Learn how Intel IT uses reliability engineering to cut manufacturing systems unscheduled downtime.
Driven by the rising importance of keeping manufacturing sites operating at full capacity 24/7, Intel Manufacturing IT (MIT) has set a goal of achieving “four nines” (99.99%) availability (or 0.01% downtime) by 2025.
To help achieve this ambitious goal, we added a Reliability Engineer role to enhance the resilience of Intel’s manufacturing facilities. Reliability engineering (RE) is an emerging practice, first developed by cloud-based digital service providers. It focuses on designing systems to be failure-tolerant, so that service is maintained even when individual components fail.
At its core, RE entails identifying design patterns that promote continuity of service, both within individual applications and in their interactions. This approach involves collaboration between the RE team and the development team to help ensure that feedback on opportunities to enhance resilience is received and incorporated into system design. By closing the loop with developers, Reliability Engineers help align their overarching goals for resilience with the feature delivery objectives of the development team, enabling us to create robust and reliable solutions that meet the needs of our stakeholders.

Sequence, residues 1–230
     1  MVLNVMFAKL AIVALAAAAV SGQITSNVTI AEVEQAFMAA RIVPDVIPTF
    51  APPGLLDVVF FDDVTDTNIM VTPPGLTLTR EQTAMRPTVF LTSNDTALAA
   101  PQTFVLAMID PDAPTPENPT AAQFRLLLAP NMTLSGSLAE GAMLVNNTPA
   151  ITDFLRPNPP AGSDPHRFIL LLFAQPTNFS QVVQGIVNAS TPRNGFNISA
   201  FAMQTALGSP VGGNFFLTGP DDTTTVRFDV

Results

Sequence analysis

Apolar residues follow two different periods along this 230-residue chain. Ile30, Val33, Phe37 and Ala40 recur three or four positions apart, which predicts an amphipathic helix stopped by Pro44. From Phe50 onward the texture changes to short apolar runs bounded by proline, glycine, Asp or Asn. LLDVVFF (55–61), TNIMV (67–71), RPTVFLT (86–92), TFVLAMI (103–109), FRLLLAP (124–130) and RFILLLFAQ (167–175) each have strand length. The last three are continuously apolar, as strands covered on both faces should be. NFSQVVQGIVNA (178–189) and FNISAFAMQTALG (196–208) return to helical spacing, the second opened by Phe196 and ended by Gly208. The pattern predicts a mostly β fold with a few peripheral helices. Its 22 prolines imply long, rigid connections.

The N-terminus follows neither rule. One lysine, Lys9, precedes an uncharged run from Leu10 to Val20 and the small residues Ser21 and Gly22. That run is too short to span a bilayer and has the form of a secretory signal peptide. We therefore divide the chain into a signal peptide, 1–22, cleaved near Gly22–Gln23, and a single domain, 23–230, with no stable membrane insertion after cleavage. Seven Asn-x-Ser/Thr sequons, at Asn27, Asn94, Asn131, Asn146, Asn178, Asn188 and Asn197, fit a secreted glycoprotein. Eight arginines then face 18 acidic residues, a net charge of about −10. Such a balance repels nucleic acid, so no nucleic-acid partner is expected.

Our Reliability Engineers proactively tackle potential vulnerabilities and develop strategies to mitigate the impact of failures on manufacturing operations. They play a critical role in identifying common failure modes, developing standards and designing solutions to lower the risk of failure.
Reliability Engineers’ use of the Failure Mode and Effects Analysis (FMEA) methodology enabled us to develop a Resiliency Maturity Model (RMM), which is applicable across all our systems.
This approach has helped us to identify over 200 resilience improvement projects and add them to our development roadmap for the next two years.
Through these RE initiatives and implementation of numerous operational improvement activities, unscheduled factory downtime has decreased by 50% from 2019 levels.
Our results show how an RE approach can extend the benefits of resilience to the manufacturing environment, preparing us for future adoption of cloud-based microservice environments. We have demonstrated that best-in-class reliability and availability of IT systems can be achieved by adopting a standard set of RE tools and proactively applying them to improve resilience.